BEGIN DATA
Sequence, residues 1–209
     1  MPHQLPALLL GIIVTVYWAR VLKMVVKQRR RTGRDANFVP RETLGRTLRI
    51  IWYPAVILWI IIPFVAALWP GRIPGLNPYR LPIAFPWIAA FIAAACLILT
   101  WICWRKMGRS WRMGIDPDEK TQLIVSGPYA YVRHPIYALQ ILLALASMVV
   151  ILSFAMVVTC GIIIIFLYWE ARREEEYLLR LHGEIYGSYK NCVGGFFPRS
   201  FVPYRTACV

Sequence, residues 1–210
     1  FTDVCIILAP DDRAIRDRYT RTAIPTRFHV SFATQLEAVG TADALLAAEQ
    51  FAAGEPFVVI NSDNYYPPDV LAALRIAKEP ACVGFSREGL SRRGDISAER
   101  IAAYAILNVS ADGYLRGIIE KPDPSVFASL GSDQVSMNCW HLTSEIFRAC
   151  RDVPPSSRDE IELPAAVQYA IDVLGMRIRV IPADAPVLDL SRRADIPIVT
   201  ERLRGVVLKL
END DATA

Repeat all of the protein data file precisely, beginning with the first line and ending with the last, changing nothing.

Sequence, residues 1–209
     1  MPHQLPALLL GIIVTVYWAR VLKMVVKQRR RTGRDANFVP RETLGRTLRI
    51  IWYPAVILWI IIPFVAALWP GRIPGLNPYR LPIAFPWIAA FIAAACLILT
   101  WICWRKMGRS WRMGIDPDEK TQLIVSGPYA YVRHPIYALQ ILLALASMVV
   151  ILSFAMVVTC GIIIIFLYWE ARREEEYLLR LHGEIYGSYK NCVGGFFPRS
   201  FVPYRTACV

Sequence, residues 1–210
     1  FTDVCIILAP DDRAIRDRYT RTAIPTRFHV SFATQLEAVG TADALLAAEQ
    51  FAAGEPFVVI NSDNYYPPDV LAALRIAKEP ACVGFSREGL SRRGDISAER
   101  IAAYAILNVS ADGYLRGIIE KPDPSVFASL GSDQVSMNCW HLTSEIFRAC
   151  RDVPPSSRDE IELPAAVQYA IDVLGMRIRV IPADAPVLDL SRRADIPIVT
   201  ERLRGVVLKL